David Bourget (Western Ontario)
David Chalmers (ANU, NYU)
Rafael De Clercq
Jack Alan Reynolds
Learn more about PhilPapers
Philosophical Studies 44 (2):201 - 220 (1983)
It has been a commonplace from the beginnings of philosophical thought that what distinguishes humans from other species is the ability to reason; reason- ing is held to be an essential characteristic of the species and one that is unique to it. The essence condition requires that all humans possess at least the capacity for reasoning and that it be exercised in many of the ordinary cases of acquiring beliefs. And uniqueness entails that non-humans cannot reason, no matter how much their behavior resembles that of humans. I think that a certain specific model of reasoning has been presupposed by proponents of these claims. And there are grounds to believe that this model is inaccurate in essential respects: if reasoning does correspond to it, then few human beliefs are acquired through reason. However, given a more accurate description of what goes on in normal human reasoning, it is no longer plausible to think that only humans reason. So either the essence or the uniqueness claim must be given up. In this paper I argue for the second option.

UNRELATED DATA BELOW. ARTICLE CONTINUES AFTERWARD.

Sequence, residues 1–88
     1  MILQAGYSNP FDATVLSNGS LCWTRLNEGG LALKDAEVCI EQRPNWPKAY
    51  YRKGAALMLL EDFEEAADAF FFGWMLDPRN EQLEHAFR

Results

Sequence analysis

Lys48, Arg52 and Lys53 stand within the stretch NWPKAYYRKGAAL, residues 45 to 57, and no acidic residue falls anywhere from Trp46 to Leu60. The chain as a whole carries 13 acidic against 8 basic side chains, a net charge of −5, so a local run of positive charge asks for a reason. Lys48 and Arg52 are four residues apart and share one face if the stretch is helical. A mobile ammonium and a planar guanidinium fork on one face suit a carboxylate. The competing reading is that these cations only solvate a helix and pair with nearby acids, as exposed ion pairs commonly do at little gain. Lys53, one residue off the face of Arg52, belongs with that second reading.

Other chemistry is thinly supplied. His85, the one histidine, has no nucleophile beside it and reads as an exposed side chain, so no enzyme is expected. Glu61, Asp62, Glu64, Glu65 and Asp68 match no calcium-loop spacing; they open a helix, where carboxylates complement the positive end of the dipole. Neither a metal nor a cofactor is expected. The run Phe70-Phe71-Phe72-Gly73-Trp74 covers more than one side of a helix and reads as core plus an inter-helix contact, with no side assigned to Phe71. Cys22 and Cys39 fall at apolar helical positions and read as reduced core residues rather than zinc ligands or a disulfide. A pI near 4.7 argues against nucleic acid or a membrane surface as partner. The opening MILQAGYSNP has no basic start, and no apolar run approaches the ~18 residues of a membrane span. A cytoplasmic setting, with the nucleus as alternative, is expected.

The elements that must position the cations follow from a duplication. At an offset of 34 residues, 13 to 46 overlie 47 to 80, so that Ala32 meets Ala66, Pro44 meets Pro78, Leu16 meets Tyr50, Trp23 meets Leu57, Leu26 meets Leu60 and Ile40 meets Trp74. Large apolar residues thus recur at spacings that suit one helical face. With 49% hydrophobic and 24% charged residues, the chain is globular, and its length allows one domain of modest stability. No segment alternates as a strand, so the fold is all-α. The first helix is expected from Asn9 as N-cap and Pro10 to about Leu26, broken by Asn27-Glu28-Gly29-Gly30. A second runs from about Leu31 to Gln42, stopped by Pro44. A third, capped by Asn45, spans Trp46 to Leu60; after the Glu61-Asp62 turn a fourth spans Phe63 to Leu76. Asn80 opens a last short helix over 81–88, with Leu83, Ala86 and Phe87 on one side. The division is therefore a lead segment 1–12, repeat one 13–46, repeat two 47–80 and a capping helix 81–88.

|Keywords||No keywords specified (fix it)|
|Categories||categorize this paper)|
Setup an account with your affiliations in order to access resources via your University's proxy server
Configure custom proxy (use this if your affiliation does not provide a proxy)
|Through your library|
References found in this work BETA
No references found.
Citations of this work BETA
No citations found.
Similar books and articles
Edward Stein (1994). Rationality and Reflective Equilibrium. Synthese 99 (2):137-72.
Laurence Fiddick (2006). Adaptive Domains of Deontic Reasoning. Philosophical Explorations 9 (1):105 – 116.
Stephen Andrew Butterfill & Ian A. Apperly (2009). Do Humans Have Two Systems to Track Beliefs and Belief-Like States? Psychological Review 116 (4):953-970.
Pamela Hieronymi (2009). The Will as Reason. Philosophical Perspectives 23 (1):201-220.
Dan Sperber (2011). Why Do Humans Reason? Arguments for an Argumentative Theory. Behavioral and Brain Sciences 34 (2):57.
David Martel Johnson (1988). Brutes Believe Not. Philosophical Psychology 1 (3):279-294.
Edward Stein (1997). Can We Be Justified in Believing That Humans Are Irrational? Philosophy and Phenomenological Research 57 (3):545-565.
Tobias Starzak (2012). Papineau's Theoretical Rationality and the Anthropological Difference. Philosophia 40 (3):473-482.
Julia Tanner (2009). The Argument From Marginal Cases and the Slippery Slope Objection. Environmental Values 18 (1):51-66.
Added to index2009-01-28
Total downloads37 ( #66,703 of 1,696,590 )
Recent downloads (6 months)6 ( #95,693 of 1,696,590 )
How can I increase my downloads?